Tropical Storm Dorian is expected to make landfall in Puerto Rico Wednesday, bringing dangerous rains to the island still reeling from 2017's Hurricane Maria.
Dorian is currently in the Caribbean Sea, just west of Guadeloupe and Montserrat and is expected to reach Puerto Rico at near hurricane strength in the midday or afternoon, CNN meteorologist Haley Brink said. But as it keeps moving, Dorian could bring a hurricane to Florida for Labor Day weekend.
The rainfall Dorian is expected to bring may cause life-threatening flash floods, the National Hurricane Center said. CNN meteorologist Chad Myers said the storm could easily disrupt the already fragile infrastructure on the island where 2,975 people died from Hurricane Maria just two years ago.
Puerto Rico bracing for impact
"There's already so much damage on the ground from (Maria) that this isn't going to take a lot to make a significant amount of damage, especially flooding," Myers said.
Early Wednesday, the storm was about 240 miles east southeast of Ponce, Puerto Rico, according to the National Hurricane Center .
Ponce Mayor Maria "Mayita" Melendez told CNN there are still people with tarps over their homes in the city, which she estimates was hit with $1 billion in damages from Maria.
One resident, Lucy Beascochea, said the tin roof over her home still has holes in it, meaning every time it rains, water leaks in. She told CNN she is nervous about the approaching storm.
Puerto Rico Gov. Wanda Vázquez Garced on Monday declared a state of emergency for the island and urged people to prepare for the storm.
"For citizens who do not yet have safe roofs, we will have shelters ready," Vázquez said on Twitter.
Schools across Puerto Rico are closed Wednesday.
About 360 shelters are available across the island for a capacity of 48,500 people, the government's official Twitter account said Monday. And about 70 hospitals were prepared to handle emergencies, officials said.
"Thankfully, I've been preparing since May," said Krystle Rivera, whose family has been stocking up on water, canned food and gas in anticipation of the hurricane season.
Heavy rains and strong winds
Though not yet a hurricane, Tropical Storm Dorian is expected to bring severe conditions to the Caribbean.
Two-thirds of Puerto Rico is likely to receive tropical storm force winds, CNN meteorologist Brandon Miller said. As of the early hours of Wednesday, Dorian had sustained winds of 60 mph.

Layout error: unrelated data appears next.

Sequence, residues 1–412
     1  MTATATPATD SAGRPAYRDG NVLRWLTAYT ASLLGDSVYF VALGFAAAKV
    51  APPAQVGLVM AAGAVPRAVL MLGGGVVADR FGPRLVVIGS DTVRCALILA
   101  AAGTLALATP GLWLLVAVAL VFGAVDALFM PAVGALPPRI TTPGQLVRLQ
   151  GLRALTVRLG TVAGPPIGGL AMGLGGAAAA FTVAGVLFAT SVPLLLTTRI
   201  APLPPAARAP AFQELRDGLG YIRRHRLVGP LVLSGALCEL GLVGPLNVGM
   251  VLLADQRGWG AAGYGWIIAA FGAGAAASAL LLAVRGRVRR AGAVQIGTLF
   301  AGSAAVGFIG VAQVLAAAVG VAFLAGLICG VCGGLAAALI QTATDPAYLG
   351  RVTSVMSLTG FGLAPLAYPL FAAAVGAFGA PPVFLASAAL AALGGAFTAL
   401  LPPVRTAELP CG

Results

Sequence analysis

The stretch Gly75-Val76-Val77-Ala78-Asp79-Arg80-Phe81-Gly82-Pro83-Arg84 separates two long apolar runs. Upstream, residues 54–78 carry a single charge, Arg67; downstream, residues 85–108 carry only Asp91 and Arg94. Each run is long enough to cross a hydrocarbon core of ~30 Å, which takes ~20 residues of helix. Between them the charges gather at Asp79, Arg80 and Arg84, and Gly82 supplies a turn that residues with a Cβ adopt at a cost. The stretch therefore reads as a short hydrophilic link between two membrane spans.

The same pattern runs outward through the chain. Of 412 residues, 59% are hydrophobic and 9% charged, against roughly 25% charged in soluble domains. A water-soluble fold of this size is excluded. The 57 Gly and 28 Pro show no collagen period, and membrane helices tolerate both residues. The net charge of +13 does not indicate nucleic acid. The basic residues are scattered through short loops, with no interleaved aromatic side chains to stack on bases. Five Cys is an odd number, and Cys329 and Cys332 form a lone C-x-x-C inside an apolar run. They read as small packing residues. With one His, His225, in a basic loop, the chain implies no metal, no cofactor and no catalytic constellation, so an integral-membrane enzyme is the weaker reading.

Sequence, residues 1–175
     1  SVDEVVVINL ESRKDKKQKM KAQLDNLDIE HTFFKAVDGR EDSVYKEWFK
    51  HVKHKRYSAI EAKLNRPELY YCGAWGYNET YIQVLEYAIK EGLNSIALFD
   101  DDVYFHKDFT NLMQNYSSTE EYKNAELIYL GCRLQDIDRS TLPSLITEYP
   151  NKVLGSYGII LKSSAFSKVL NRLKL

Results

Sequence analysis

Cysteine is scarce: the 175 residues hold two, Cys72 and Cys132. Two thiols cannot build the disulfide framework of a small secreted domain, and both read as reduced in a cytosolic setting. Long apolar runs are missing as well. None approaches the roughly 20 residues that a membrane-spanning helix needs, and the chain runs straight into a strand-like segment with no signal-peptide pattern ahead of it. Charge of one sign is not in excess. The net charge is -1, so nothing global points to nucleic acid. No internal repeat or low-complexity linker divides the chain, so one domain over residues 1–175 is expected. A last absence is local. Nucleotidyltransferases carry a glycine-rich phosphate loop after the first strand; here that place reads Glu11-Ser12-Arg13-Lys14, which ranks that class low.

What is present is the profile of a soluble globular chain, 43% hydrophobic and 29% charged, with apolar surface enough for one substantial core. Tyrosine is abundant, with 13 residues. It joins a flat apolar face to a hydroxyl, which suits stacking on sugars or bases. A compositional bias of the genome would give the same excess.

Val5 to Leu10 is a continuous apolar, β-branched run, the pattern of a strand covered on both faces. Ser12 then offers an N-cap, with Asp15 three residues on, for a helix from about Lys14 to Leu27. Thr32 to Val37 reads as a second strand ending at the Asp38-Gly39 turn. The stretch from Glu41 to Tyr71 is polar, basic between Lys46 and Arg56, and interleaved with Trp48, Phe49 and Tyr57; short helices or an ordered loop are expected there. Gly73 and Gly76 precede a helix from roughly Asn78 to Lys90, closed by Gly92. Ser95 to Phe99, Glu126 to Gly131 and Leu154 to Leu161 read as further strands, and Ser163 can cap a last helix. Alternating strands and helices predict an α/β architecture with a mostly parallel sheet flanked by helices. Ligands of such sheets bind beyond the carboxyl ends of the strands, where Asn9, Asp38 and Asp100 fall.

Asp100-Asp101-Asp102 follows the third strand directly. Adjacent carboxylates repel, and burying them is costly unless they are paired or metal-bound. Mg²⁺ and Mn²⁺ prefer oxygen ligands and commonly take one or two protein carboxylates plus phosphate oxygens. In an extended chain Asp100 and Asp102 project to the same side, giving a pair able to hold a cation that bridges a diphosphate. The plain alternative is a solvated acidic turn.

From Wednesday to Thursday, Puerto Rico could get 4 to 8 inches of rain, and the US Virgin Islands, Haiti and Dominican Republic could receive up to 4 inches, according to the hurricane center.
Puerto Rico and eastern parts of the Dominican Republic are under a tropical storm warning, and Puerto Rico is under a hurricane watch, the hurricane center said Tuesday evening.
A tropical storm warning means tropical storm conditions are expected within 36 hours, and a hurricane watch means that hurricane conditions are possible within 48 hours.
After passing Puerto Rico, Dorian is forecast to move near or over eastern Hispaniola on Thursday and move north, the hurricane center said.
By the end of the week, what's left of Dorian is expected to move toward the Bahamas and possibly into the southeastern parts of the United States.
Florida expecting a hurricane
By Friday evening, the storm is forecast to strengthen into a Category 1 hurricane as it tracks east of Turks and Caicos. It will then strengthen to a Category 2 by Sunday morning before making landfall on the east coast of Florida or Georgia.
That means Florida may see a hurricane over Labor Day weekend.
Florida Gov. Ron DeSantis urged residents to start preparing for Dorian to come their way.
"Based on the current track of Tropical Storm Dorian, all residents on the East Coast should prepare for impacts, including strong winds, heavy rain and flooding. Make sure to have your supplies ready and follow @FLSERT [Florida Division of Emergency Management] and local media for the latest updates on the forecast," DeSantis said.
But that may not mean it's time to cancel travel plans: "It is still way too early to forecast impacts," CNN meteorologist Dave Hennen said.